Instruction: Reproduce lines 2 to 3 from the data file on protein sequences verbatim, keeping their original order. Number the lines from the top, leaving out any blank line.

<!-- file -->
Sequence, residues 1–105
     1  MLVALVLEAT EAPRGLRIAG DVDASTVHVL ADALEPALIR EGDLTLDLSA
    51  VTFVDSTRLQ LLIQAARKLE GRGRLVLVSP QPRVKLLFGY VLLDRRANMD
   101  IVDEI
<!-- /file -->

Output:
     1  MLVALVLEAT EAPRGLRIAG DVDASTVHVL ADALEPALIR EGDLTLDLSA
    51  VTFVDSTRLQ LLIQAARKLE GRGRLVLVSP QPRVKLLFGY VLLDRRANMD